Gage Opdenbrouw

Location: San Francisco, California

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How did you become a designer/artist?

I’ve always drawn alot, and always been fascinated with painting and sculpture, but it wasn’t until I was about 19 that I made a commitment to study art, to earn a BFA. I studied illustration for a couple years, realized I had no interest, and threw myself into painting. I realized that painting to me was all about mystery, and that pre-verbal evocative quality that painting has; just the opposite of spelling everything out, telling a clear story, which is what illustration is all about. I haven’t looked back, except to laugh. Painting’s been the center of my life for probably six or seven years now. I’ve been lucky; I am doing exactly the work I want to do at any given time, and people have been responding to it.

Where are you from originally?

I’m a Bay Area native, born and raised in San Jose, CA, and I’ve lived here in San Francisco for the last nine years. All my family is on the East Coast, so I feel a connection to New England and North Carolina. My ancestry is Dutch, and I’d like to spend more time in Holland in the future; I was just there over the summer.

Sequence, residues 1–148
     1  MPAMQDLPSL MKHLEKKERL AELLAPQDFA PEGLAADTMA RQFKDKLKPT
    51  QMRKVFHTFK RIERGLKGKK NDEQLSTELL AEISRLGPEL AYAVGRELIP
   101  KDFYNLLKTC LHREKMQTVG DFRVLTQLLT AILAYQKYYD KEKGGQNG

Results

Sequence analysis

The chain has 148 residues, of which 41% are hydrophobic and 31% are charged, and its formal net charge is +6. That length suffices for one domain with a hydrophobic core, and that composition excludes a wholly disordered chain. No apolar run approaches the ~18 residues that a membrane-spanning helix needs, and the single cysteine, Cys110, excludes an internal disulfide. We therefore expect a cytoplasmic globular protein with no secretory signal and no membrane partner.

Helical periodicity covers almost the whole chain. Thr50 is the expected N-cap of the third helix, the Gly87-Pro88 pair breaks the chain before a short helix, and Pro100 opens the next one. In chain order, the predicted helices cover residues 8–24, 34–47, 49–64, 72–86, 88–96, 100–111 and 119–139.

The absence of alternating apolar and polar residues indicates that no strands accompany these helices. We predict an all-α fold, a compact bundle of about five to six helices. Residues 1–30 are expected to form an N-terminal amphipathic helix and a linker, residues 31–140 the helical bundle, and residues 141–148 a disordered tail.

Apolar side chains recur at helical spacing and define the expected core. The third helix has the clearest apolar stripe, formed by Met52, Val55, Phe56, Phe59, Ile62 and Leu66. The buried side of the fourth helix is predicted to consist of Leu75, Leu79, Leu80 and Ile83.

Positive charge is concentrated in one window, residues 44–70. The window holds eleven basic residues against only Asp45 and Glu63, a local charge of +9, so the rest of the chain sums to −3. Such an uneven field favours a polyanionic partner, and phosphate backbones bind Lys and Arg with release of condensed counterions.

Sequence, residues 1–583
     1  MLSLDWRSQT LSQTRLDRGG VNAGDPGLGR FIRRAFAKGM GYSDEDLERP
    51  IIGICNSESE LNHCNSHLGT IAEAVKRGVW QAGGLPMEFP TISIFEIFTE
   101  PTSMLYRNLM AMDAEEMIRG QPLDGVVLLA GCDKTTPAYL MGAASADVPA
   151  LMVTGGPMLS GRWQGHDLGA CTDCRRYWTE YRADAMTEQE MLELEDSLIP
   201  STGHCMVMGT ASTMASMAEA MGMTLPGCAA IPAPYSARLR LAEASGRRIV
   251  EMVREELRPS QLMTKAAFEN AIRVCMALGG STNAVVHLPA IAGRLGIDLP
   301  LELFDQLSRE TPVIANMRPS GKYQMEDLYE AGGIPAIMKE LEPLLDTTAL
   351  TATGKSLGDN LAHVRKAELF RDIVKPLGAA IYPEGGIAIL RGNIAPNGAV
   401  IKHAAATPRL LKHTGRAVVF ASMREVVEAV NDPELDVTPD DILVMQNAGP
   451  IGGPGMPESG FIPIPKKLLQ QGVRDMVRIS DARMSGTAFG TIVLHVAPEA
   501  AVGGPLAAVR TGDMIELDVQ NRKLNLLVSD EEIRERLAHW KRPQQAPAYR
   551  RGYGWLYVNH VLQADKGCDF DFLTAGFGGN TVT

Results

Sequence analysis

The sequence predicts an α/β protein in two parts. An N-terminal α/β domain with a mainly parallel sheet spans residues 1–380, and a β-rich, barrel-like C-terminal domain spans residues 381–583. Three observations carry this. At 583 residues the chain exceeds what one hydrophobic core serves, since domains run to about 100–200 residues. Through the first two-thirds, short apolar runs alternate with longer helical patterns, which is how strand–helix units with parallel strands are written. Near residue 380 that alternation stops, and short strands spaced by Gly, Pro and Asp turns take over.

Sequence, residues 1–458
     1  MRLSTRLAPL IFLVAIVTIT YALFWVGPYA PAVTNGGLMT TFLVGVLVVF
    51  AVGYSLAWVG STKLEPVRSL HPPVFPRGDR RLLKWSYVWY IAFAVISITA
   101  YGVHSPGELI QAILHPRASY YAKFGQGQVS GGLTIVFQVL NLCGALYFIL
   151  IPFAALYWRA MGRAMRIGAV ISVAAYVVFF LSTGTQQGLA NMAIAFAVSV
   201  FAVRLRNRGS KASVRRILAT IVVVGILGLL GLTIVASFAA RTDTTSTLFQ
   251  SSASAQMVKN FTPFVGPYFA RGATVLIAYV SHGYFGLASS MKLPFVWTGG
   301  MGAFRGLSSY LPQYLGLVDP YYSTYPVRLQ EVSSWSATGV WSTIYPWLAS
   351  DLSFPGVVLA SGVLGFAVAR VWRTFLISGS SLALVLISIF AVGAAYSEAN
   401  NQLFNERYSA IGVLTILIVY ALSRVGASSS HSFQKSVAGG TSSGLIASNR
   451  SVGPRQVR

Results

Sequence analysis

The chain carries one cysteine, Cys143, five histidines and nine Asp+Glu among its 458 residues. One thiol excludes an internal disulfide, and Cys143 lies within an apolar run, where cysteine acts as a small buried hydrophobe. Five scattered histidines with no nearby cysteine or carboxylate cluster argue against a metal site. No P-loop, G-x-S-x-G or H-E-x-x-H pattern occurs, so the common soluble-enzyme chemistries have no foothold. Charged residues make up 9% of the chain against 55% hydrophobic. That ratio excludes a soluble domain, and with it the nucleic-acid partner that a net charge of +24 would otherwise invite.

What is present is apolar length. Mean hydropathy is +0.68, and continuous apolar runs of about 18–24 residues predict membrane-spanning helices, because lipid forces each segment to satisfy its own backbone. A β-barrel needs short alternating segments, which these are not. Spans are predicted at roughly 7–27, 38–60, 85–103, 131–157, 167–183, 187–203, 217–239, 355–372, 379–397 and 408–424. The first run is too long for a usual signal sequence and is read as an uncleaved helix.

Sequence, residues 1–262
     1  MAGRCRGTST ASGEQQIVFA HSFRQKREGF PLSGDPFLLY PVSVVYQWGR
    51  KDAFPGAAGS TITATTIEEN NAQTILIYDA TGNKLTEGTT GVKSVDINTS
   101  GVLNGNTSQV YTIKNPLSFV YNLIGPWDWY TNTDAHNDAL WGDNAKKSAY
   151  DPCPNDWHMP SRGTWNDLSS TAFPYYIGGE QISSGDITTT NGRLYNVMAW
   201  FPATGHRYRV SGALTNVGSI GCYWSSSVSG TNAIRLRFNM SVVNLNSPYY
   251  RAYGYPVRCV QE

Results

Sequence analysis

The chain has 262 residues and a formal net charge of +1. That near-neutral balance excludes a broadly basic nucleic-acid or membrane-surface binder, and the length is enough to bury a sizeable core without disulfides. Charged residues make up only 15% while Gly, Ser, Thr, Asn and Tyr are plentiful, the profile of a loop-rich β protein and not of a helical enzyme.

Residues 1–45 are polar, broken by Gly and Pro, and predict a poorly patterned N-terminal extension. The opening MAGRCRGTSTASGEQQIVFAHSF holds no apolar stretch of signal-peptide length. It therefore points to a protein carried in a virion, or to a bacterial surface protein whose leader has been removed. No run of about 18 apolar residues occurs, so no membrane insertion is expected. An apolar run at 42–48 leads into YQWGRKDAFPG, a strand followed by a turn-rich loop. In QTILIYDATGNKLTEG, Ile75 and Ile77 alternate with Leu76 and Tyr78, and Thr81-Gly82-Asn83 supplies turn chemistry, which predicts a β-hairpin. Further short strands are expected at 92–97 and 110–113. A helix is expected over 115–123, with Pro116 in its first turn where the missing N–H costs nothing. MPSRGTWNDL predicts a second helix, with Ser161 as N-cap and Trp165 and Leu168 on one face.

What are you doing now?

Right now I am painting full time, and trying to both deepen and expand existing bodies of work. More medium to large scale minimal landscapes, trying to bring several bodies of work closer together, and distill what’s important from the images I keep revisiting. Working slowly, and deliberately, with many layers. I’m working on a diptych, a painting of my family that I am excited about. Teaching a little bit.

What are your plans for the future?

To continue to paint, and perhaps to teach at the college level. That’s a little more long term, though. I am finishing up work for a solo exhibit here at San Francisco’s 66 Balmy Gallery, entitled “Small Fires in the Distance”. That will be in November of 2005. Also I’ll be having a solo show, likely a sort of survey of various works, at Boston’s MPG Contemporary, in March 2006. I’d like to make a book or two of my work; that’s a more lasting way of showing the work to people than a three-week exhibit, and more broadly affordable. I intend to get back into doing some more figurative works. I’ll probably focus on that in about a month. I’ll be doing a residency at the Vermont Studio Center, which is pretty exciting. Beyond that, I can’t see the future so it can be hard to talk about.

What American artist inspires you most?

To pick only one is hard but it has to Andrew Wyeth. His work is just incredible, totally suffused with patience and feeling. Some of my other favorite contemporary painters are Sophie Jodoin, Alex Kanevsky, Stuart Shils, and Antonio Lopez Garcia. And of course all my friends here in the Bay Area, too many to mention.

What unlocks your creativity?

Nature, first and foremost. Light and space. Keeping my eyes open. Music.